North Lanarkshire Council faces £19 million budget gap

North Lanarkshire councilors will have to take action to address a budget gap of £3.1 million when they set out the authority’s finances for the next 12 months at a special meeting next Thursday.

The local authority had an overall deficit of £19.6m for 2022-2023, and now still has the remaining shortfall to address after taking “advance action” to cut costs by £16.5m.

Council leader Jim Logue says the financial settlement for local government will necessitate “serious decisions” which could include “increased charges, closure of buildings or even removing current services”.

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He described it as “catastrophic, but not surprising”; While opposition leader Jordan Linden praised the recent additional £7m in Holyrood funding issued to North Lanarkshire and said his group he will “present a positive budget” at the crucial meeting.

The financial report for the meeting on February 17 shows that North Lanarkshire has a budget of £884.2m for 2022-2023 – and that the authority then faces further projected finance gaps of £19.9m and £27.6m for the following two financial years.

It notes that £13m, consisting of the extra one-off sum from the Scottish Government plus £6m allocated from council reserves for this year’s Covid recovery, is “available for consideration alongside setting the 2022-2023 budget”; and that the figures include an assumed one per cent increase in council tax which is “required to be ringfenced to support the community investment fund”.

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Councillor Logue said: “We’ve been warning for months of the SNP’s plans to hammer local services – and that this could lead to increased charges, closure of buildings or even removing current services.

“Given that the SNP government has received an increased budget from Westminster yet chosen to decimate the budget of North Lanarkshire, it is now clearer than ever that council cuts are SNP cuts.

“It is only through the sound financial management of this Labor administration that we have been able to maintain services at current levels, but this year will be as challenging as ever in the face of a government that yet again has shown their contempt for local services our residents rely on.

“Despite this, we will continue to work around the clock with council officers to offer a budget next Thursday which protects and invests in North Lanarkshire.”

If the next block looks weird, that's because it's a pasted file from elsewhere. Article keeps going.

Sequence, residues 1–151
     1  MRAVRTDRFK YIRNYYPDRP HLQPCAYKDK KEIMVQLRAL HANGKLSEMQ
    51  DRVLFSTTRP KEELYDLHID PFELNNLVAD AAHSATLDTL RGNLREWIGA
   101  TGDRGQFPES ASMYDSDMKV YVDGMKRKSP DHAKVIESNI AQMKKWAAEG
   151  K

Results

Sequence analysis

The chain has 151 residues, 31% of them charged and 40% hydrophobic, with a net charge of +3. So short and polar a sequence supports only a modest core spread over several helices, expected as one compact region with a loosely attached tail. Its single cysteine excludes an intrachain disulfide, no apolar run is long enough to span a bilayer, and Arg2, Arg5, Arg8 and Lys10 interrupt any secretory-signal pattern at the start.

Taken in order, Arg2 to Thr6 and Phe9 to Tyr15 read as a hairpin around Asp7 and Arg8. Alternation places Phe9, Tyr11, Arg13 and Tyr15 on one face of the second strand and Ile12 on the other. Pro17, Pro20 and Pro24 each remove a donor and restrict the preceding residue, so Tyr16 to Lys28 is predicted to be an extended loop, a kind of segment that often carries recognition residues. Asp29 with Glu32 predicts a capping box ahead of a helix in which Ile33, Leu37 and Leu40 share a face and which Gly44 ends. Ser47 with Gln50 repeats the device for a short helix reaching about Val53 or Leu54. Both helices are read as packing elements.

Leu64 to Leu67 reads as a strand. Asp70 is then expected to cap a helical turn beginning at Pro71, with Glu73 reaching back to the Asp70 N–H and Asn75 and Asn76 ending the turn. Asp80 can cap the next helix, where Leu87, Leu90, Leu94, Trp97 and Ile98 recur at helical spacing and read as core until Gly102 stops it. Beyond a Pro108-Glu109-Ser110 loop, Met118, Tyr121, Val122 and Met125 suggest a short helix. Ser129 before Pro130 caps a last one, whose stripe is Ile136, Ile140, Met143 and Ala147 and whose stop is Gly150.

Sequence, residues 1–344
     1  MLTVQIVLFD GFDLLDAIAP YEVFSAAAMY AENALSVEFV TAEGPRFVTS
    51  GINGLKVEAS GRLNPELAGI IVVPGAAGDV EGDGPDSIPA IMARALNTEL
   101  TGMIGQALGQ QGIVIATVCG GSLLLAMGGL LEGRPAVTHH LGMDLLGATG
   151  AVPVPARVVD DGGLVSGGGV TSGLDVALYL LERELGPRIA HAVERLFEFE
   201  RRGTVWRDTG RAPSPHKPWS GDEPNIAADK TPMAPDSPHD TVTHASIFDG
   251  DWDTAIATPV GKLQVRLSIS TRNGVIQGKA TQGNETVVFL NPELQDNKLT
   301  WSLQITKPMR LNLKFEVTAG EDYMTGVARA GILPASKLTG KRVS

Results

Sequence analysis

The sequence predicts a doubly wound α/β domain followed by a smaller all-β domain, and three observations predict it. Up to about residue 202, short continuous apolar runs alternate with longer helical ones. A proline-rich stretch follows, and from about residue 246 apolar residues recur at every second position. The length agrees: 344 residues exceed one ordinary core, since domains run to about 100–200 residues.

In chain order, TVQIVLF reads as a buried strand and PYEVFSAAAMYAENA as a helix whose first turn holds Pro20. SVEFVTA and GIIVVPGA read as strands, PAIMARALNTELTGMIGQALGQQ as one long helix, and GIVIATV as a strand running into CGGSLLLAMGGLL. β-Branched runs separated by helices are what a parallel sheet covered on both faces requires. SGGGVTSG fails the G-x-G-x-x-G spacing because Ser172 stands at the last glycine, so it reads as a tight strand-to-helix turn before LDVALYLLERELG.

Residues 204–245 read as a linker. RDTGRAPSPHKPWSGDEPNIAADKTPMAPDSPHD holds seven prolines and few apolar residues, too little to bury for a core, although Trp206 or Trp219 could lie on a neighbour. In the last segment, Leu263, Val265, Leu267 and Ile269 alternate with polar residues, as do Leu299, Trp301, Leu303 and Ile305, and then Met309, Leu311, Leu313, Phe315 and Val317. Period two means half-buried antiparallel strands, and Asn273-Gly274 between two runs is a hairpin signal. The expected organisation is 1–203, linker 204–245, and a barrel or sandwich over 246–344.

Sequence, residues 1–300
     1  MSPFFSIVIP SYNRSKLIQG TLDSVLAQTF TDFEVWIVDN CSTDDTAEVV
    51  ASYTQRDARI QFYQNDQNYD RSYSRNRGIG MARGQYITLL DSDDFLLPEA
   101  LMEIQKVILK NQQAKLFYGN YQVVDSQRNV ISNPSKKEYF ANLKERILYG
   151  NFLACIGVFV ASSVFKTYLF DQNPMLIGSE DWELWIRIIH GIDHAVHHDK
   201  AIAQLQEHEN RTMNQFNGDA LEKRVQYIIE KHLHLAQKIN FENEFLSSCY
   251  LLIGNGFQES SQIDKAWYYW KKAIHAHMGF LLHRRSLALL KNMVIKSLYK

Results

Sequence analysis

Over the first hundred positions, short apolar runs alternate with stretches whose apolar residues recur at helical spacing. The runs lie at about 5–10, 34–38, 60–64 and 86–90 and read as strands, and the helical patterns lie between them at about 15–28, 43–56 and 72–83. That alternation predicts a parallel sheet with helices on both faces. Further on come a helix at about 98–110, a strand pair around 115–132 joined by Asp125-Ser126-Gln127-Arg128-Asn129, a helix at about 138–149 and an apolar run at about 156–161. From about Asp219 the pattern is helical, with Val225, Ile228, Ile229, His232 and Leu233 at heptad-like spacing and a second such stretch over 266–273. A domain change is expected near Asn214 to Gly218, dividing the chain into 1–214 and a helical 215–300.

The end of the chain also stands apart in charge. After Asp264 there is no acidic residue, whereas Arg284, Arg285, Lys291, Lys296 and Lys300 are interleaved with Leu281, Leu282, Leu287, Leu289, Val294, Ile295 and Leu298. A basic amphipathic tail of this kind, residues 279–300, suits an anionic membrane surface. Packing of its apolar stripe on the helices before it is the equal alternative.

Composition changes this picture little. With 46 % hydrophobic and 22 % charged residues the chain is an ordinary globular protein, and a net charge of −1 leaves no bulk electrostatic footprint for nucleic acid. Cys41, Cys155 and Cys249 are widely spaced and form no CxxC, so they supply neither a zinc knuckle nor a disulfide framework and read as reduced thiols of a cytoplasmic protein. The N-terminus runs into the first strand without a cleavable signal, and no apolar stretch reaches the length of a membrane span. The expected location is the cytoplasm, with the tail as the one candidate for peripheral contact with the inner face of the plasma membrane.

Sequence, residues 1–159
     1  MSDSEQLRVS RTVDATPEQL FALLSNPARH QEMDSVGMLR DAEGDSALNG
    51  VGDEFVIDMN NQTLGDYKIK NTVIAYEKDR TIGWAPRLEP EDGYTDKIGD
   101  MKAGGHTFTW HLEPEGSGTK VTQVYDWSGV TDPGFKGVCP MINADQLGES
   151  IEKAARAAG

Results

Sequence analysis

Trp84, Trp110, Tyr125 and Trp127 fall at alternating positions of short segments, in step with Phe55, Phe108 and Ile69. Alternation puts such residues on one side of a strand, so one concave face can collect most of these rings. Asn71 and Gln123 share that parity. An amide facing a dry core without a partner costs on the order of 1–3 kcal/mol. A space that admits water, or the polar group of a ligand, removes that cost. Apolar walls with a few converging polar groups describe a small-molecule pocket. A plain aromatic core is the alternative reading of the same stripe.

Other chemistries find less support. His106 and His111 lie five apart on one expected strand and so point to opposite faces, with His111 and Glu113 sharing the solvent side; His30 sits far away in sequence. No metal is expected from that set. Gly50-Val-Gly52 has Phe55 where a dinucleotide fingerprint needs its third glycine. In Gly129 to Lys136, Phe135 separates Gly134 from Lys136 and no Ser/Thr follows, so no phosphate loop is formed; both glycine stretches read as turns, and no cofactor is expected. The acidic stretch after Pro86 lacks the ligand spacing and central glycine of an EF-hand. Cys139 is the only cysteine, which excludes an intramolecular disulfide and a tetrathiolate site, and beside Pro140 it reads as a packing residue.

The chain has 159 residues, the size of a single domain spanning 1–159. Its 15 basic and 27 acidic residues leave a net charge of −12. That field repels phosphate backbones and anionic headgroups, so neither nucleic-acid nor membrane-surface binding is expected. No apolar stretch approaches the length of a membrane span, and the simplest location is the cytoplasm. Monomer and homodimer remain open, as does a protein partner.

Opposition leader Jordan Linden responded: “The SNP government has recently pledged a further £120m to councils – an estimated £7m for North Lanarkshire – over and above a settlement that protects local government budgets in the face of further austerity from the Westminster Tory government.

“Budgets are about choices. Every year the SNP has proposed an alternative which would have protected things like Kilbowie [outdoor centre]classroom assistants and local services.

“Over the last five years, Labor in North Lanarkshire has made the choice to pander to Tory ideologies in order to cling to power. Labor and the Tories have teamed up to remove vital services from our local communities.

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“The SNP will present a positive budget for the good of North Lanarkshire next Thursday and will again appeal for support from those on the Labor benches who we know are sick to their stomachs at their party’s relationship with the Tories and the betrayal of their founding principles .”

Conservative group leader Sandy Watson said the authority is facing a “difficult budget position” and is calling for councils to have legally-determined support, saying: “Enough is enough.”

The Airdrie South councilor said: “The SNP/Green government has record funding from the UK government at their disposal but have hammered council budgets again.

“North Lanarkshire Council has been underfunded by the SNP for years and we simply cannot cope with more devastating cuts.

“I am wholeheartedly backing Conservative plans to enshrine a fair funding deal for councils in law to give North Lanarkshire assurance over its budget every year; Voters have a clear choice in the May elections and can either endorse continual cuts or back [our commitment] to secure a fair funding deal in law.”

Budget papers for next week’s meeting show that North Lanarkshire’s finance settlement includes more than £20m ringfenced for adult health and social care; and that the council will need to draw down £12.3m from its reserves to top up its change management fund, in place to support costs including future budget pressures.

A report adds: “It should be noted that the rising forecast of pay and non-pay inflation, as well as the impact of the Covid-19 pandemic, add additional risks and uncertainties to this budget; it is currently too early to forecast the financial impact with any degree of certainty.

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“The grant settlement received by the council may be subject to change as the finance budget bill progresses through parliament – ​​in the event further undirected funds are received, they should be held in reserves to mitigate these risks.”

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George Holan

George Holan is chief editor at Plainsmen Post and has articles published in many notable publications in the last decade.

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